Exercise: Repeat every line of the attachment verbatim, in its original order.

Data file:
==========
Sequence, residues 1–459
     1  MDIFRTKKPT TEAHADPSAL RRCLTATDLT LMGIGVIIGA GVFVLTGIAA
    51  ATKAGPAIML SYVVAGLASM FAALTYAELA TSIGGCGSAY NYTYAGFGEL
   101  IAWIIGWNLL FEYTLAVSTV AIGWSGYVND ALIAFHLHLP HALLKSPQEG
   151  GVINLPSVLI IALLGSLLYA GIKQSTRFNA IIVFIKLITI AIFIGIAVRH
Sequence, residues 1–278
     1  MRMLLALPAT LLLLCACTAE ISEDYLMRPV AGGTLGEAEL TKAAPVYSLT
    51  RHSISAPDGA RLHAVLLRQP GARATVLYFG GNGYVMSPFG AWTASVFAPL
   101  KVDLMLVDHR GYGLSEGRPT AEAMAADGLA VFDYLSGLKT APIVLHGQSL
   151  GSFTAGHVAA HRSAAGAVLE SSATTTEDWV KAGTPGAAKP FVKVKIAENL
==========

Sequence, residues 1–459
     1  MDIFRTKKPT TEAHADPSAL RRCLTATDLT LMGIGVIIGA GVFVLTGIAA
    51  ATKAGPAIML SYVVAGLASM FAALTYAELA TSIGGCGSAY NYTYAGFGEL
   101  IAWIIGWNLL FEYTLAVSTV AIGWSGYVND ALIAFHLHLP HALLKSPQEG
   151  GVINLPSVLI IALLGSLLYA GIKQSTRFNA IIVFIKLITI AIFIGIAVRH
Sequence, residues 1–278
     1  MRMLLALPAT LLLLCACTAE ISEDYLMRPV AGGTLGEAEL TKAAPVYSLT
    51  RHSISAPDGA RLHAVLLRQP GARATVLYFG GNGYVMSPFG AWTASVFAPL
   101  KVDLMLVDHR GYGLSEGRPT AEAMAADGLA VFDYLSGLKT APIVLHGQSL
   151  GSFTAGHVAA HRSAAGAVLE SSATTTEDWV KAGTPGAAKP FVKVKIAENL